Rhinology

Balloon sinus dilation in the office setting

August 27, 2014     Joseph P. Mirante, MD, FACS; Michael A. Munier, MD, FACS; Dewey A. Christmas Jr., MD; Eiji Yanagisawa, MD, FACS
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The ability to complete operative procedures in the office setting avoids the time and cost of working in a hospital or outpatient surgical center operating room.

A study of adherence to the AAO-HNS "Clinical Practice Guideline: Adult Sinusitis"

August 27, 2014     Ilaaf Darrat, MD; Kathleen Yaremchuk, MD; Spencer Payne, MD; Michelle Nelson, MBA, CPC
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Abstract

A retrospective study was conducted to determine if physicians in otolaryngology practice adhered to the clinical practice guideline for adult sinusitis that had been issued by the American Academy of Otolaryngology-Head and Neck Surgery (AAO-HNS) 3 years earlier. We analyzed data obtained from the charts of 90 adults who had presented to an otolaryngology outpatient department with a diagnosis of chronic rhinosinusitis (CRS), acute bacterial rhinosinusitis (ABRS), or acute viral rhinosinusitis (AVRS); there were 76 cases of CRS, 11 cases of ABRS, and 3 cases of AVRS. Our goal was to ascertain how closely the treating physician had adhered to the AAO-HNS recommendations with respect to diagnosis, treatment, and prevention of these diseases. The study group was made up of 10 otolaryngologists. We evaluated 7 clinical practice metrics for CRS, 7 metrics for ABRS, and 3 for AVRS. We found that individual physician adherence rates for cases of CRS ranged from 0 to 100%; average scores for the 7 metrics ranged from 4 to 88%. For cases of ABRS, adherence scores ranged from 0 to 100%; average scores for the 7 metrics ranged from 0 to 41%. For AVRS, the rate of adherence for all 3 metrics was 0%. This study revealed wide variations in adherence to the AAO-HNS guideline, but overall adherence was generally poor. Adherence appeared to be worse for the acute types of rhinosinusitis than for chronic rhinosinusitis. In view of these findings, a worksheet was developed that clinicians could use to improve compliance with the guidelines.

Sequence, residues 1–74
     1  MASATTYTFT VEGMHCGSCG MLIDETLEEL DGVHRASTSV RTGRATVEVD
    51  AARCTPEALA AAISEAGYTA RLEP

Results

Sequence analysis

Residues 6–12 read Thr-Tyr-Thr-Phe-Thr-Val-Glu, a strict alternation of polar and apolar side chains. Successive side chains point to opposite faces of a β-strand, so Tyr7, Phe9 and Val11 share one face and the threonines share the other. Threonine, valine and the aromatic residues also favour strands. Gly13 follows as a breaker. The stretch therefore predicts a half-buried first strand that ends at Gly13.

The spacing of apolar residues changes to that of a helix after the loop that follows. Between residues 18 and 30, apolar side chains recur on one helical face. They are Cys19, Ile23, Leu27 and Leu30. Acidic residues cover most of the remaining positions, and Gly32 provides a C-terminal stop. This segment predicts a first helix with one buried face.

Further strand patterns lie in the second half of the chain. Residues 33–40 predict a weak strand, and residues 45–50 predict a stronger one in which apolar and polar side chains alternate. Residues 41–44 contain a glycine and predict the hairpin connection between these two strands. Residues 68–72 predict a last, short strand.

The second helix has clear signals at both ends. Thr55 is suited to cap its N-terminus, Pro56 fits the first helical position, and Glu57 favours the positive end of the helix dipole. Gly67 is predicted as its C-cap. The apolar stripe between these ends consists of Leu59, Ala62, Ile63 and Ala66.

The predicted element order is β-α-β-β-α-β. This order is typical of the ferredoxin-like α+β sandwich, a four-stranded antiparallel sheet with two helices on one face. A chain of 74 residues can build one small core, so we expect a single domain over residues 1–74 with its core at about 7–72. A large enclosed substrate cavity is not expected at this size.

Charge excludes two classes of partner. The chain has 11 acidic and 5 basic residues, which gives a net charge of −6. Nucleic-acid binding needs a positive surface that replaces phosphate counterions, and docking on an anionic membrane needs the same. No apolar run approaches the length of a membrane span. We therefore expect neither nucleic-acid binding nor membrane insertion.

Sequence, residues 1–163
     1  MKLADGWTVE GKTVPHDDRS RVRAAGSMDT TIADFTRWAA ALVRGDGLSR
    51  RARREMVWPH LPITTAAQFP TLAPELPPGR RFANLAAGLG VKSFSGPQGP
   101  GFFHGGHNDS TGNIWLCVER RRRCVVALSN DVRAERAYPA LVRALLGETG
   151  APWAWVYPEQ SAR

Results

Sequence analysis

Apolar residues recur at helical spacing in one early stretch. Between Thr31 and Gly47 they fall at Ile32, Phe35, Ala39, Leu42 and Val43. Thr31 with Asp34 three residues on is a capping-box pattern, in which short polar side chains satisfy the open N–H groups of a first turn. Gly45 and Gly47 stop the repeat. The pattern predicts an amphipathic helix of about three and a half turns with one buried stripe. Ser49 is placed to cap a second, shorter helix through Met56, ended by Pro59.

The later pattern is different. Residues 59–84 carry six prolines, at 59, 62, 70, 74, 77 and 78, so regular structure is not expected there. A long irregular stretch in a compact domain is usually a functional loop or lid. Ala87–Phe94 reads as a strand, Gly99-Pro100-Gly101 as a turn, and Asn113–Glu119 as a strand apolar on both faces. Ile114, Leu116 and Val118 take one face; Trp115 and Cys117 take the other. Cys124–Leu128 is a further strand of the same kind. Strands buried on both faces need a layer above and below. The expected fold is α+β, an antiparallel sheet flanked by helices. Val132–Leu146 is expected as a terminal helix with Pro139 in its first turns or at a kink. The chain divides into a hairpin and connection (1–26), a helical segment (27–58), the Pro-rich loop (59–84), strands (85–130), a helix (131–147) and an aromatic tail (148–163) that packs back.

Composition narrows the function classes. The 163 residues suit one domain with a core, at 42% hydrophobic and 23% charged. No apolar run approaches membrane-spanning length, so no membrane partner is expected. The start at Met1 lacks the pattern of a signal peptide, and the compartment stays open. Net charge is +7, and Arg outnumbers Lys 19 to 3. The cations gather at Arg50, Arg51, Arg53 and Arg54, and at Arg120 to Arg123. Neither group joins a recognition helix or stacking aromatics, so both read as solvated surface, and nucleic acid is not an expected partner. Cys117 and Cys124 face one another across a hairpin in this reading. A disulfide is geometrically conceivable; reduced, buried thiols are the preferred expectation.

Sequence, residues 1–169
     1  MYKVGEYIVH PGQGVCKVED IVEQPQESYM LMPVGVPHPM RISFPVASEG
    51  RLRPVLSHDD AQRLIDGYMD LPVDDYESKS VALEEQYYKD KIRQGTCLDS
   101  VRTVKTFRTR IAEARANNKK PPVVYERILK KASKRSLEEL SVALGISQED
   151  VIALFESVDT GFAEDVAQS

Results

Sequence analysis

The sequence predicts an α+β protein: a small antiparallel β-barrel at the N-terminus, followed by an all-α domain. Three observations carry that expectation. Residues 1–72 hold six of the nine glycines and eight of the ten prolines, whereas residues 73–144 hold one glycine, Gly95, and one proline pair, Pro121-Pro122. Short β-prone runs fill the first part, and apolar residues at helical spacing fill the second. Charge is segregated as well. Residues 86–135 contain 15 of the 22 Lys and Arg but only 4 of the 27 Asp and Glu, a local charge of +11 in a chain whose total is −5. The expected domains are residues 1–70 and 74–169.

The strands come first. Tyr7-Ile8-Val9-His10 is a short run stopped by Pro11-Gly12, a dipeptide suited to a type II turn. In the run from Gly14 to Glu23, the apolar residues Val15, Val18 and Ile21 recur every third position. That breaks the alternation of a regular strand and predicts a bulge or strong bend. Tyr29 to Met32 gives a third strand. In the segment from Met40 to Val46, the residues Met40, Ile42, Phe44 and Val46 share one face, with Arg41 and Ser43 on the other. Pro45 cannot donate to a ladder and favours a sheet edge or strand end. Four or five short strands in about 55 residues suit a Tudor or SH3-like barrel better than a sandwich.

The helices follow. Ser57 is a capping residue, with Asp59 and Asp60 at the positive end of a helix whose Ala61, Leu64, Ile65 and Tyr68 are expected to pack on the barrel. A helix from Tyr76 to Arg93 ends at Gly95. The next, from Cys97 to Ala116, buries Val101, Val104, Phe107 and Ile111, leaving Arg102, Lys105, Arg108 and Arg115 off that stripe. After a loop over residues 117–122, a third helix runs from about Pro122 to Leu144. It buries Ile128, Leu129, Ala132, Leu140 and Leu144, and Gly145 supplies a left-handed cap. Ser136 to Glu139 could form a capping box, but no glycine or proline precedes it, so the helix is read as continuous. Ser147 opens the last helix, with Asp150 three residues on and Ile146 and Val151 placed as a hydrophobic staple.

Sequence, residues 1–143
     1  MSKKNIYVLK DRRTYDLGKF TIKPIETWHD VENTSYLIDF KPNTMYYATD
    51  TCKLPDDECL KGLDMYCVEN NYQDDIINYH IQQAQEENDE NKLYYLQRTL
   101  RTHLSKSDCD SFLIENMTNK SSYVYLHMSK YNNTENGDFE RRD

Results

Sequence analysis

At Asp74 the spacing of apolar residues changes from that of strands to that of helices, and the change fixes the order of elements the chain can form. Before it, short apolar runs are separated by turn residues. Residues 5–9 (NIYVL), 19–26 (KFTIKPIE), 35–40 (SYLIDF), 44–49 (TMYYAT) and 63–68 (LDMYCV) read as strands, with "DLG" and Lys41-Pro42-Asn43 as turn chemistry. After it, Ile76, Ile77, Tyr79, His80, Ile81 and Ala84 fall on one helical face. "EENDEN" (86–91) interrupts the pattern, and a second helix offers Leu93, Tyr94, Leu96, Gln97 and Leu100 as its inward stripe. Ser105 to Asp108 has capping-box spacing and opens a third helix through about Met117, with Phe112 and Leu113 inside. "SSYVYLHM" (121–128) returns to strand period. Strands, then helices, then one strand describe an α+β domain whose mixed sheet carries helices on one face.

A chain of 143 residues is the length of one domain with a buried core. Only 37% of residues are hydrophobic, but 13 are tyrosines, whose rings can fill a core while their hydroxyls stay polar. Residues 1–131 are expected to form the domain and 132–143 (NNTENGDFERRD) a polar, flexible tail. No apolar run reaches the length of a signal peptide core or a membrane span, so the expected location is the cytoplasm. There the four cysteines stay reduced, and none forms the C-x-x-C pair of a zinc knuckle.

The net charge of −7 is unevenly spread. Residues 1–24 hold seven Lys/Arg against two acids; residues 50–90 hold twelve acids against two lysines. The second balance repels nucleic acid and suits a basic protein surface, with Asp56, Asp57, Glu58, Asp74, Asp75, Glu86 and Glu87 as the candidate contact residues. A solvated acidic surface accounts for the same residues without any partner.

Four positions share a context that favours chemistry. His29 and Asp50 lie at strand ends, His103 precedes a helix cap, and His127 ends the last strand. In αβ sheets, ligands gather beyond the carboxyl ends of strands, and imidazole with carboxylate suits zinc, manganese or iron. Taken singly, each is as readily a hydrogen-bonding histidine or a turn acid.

Two cases of pyogenic granuloma in pregnancy

August 27, 2014     Alex Fernandez, MS; Jason Hamilton, MD, FACS; Raphael Nach, MD
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Management and treatment of rhinologic issues in pregnant patients can be complex because of the limited availability of safety data.

Primary diffuse large B-cell lymphoma of the ethmoid sinus: A case report

August 27, 2014     Jing-pu Yang, MD; Lian-ji Wen, MD; Chun-shun Jin, MD; Yan Liu, MD
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Abstract

B-cell lymphoma of the paranasal sinuses is rare. We present the case of a 42-year-old woman who presented with proptosis, diplopia, and vision disturbances in the right eye. She was diagnosed with diffuse large B-cell lymphoma of the ethmoid sinus. We describe the general clinical presentation, diagnosis, and differential diagnosis of this entity, and we review the pathology of diffuse large B-cell lymphoma.